The sea of strollers parked at the entrance to a synagogue can be an extremely painful sight to someone struggling with infertility.
Gila Block, founder of Yesh Tikva, a nonprofit that provides resources and tools to those struggling to conceive, knows this firsthand. She and her husband struggled with infertility for four years. During this time, Block was struck by the loneliness of the experience.
“Infertility is known for being in a doctor’s office with hundreds of other couples and becoming a nobody,” said Block, a trained behavioral therapist who today works full-time for the organization. “Even in a pool of so many people going through the same thing, you’re on your own. Everyone is too ashamed, too consumed by what they are going through, to reach out to the person next to them — it’s like ships in the night.”
She decided to change that. Yesh Tikvah, launched in April 2015, is intended to create a community for those experiencing infertility. The organization’s website, which publishes first-person articles by those struggling, reaches several thousand people with every post. Most recently, the organization completed the 100 Shuls Project, an initiative to raise awareness and sensitivity regarding infertility in synagogues across the world.
“We are not just targeting individuals struggling with infertility, but communities at large,” said Block. “As a whole, we can increase our emotional sensitivity about this topic so people already in pain aren’t caused additional hurt.”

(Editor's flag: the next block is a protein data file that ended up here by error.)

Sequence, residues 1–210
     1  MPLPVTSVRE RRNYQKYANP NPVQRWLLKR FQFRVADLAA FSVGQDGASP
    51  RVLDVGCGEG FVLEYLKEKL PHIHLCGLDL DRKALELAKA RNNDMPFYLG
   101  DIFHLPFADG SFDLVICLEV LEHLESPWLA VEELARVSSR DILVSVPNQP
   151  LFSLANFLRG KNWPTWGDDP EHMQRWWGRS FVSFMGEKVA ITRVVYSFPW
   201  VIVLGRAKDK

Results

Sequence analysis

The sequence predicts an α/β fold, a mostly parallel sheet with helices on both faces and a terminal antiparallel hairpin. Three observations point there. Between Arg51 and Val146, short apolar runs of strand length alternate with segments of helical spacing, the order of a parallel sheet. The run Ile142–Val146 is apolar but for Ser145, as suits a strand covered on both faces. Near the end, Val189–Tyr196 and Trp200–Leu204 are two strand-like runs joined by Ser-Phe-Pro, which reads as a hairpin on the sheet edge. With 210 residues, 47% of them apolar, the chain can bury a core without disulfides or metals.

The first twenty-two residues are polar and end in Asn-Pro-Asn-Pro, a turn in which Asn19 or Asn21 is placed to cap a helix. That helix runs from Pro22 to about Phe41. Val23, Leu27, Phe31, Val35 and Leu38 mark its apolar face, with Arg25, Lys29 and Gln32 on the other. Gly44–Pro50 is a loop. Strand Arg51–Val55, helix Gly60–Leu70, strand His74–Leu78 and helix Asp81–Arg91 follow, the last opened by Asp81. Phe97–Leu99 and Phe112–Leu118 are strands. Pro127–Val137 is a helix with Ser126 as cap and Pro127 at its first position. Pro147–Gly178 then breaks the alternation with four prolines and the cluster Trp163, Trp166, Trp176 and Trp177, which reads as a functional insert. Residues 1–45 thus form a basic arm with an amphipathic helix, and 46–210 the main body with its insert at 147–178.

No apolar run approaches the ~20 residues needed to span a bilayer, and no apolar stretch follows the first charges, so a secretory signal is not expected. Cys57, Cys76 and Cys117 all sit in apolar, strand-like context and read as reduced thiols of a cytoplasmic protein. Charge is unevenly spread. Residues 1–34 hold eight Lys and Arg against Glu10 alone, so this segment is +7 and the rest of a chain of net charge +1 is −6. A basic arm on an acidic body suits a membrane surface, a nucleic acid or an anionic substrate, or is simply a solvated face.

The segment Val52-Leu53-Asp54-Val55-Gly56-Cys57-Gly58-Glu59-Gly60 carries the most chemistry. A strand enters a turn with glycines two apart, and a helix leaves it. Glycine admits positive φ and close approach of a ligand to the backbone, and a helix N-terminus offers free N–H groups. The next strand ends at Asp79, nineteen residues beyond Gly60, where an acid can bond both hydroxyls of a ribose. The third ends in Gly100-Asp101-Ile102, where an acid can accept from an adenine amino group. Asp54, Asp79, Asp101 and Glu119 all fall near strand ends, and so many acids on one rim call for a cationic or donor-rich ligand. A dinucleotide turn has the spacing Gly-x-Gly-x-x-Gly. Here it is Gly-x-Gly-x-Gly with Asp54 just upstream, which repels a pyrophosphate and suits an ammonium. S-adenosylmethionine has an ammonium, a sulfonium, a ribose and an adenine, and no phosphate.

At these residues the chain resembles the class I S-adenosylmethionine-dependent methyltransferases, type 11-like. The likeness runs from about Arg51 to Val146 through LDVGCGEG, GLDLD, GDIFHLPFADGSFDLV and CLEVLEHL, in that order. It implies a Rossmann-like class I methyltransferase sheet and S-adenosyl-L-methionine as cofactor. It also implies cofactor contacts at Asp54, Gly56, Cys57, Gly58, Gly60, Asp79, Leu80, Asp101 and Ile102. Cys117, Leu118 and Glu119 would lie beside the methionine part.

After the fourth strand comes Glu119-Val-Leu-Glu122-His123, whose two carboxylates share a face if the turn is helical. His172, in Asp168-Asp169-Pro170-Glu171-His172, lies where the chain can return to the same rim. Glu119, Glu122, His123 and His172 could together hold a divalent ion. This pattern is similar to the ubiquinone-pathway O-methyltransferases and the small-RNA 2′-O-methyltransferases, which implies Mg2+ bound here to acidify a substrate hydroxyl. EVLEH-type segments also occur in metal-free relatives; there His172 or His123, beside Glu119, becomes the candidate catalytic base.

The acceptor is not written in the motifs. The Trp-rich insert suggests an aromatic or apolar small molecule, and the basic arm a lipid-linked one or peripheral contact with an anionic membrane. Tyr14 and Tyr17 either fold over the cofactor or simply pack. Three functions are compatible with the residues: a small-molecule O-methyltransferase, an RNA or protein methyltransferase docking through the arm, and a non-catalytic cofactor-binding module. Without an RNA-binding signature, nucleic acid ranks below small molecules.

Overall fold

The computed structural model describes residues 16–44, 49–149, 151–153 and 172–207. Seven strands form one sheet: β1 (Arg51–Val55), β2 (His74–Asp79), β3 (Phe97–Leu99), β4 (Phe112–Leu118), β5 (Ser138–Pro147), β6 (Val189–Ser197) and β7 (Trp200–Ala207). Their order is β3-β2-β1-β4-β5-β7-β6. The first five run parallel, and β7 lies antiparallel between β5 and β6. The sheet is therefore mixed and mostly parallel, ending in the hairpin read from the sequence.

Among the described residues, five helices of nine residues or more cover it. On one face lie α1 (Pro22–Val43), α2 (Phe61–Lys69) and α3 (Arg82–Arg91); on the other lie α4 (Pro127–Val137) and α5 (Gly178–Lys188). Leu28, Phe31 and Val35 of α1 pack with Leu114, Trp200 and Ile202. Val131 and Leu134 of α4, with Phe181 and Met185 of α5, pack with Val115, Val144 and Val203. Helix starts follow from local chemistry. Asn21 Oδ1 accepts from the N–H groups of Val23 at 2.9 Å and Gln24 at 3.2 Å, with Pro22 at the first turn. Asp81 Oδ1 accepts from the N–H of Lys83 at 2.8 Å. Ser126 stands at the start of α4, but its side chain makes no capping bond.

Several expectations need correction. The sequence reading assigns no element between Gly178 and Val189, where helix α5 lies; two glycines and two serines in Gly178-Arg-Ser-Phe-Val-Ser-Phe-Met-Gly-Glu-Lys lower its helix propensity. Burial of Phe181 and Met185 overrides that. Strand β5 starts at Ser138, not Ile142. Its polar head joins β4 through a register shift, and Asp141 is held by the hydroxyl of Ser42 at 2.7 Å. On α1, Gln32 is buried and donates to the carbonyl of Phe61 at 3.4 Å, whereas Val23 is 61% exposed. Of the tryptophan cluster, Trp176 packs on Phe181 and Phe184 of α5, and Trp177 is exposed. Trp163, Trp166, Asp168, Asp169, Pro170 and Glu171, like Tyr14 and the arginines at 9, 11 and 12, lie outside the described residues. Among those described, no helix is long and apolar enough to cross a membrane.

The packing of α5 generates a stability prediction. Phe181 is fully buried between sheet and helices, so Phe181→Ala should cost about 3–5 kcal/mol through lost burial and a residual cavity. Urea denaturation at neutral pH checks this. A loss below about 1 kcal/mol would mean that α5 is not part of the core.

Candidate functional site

Block, who is Orthodox, was careful to stress that the organization is non-denominational. “This problem is not unique to the Orthodox world,” she said. On Passover, one of the most celebrated Jewish holidays, the focus is on children, no matter the denomination, she said. “Everyone around the table is having, or thinking about having children. Someone who does not have children can be immediately isolated from the conversation.”
Looking towards the future, Block, who is today the mother of a baby girl, hopes to continue expanding the organization. “There are so many resources still needed,” she said. In the meantime, she is buoyed by the nonprofit’s quick growth in only a few short months. “We’ve activated a community that already existed — people just didn’t realize that they were never really alone.”
Do-It-Yourself: For years, Block and her younger sister owned their own headband company called “Head On Designs.” They sold their unique products to boutiques in Israel and Los Angeles, Block’s hometown.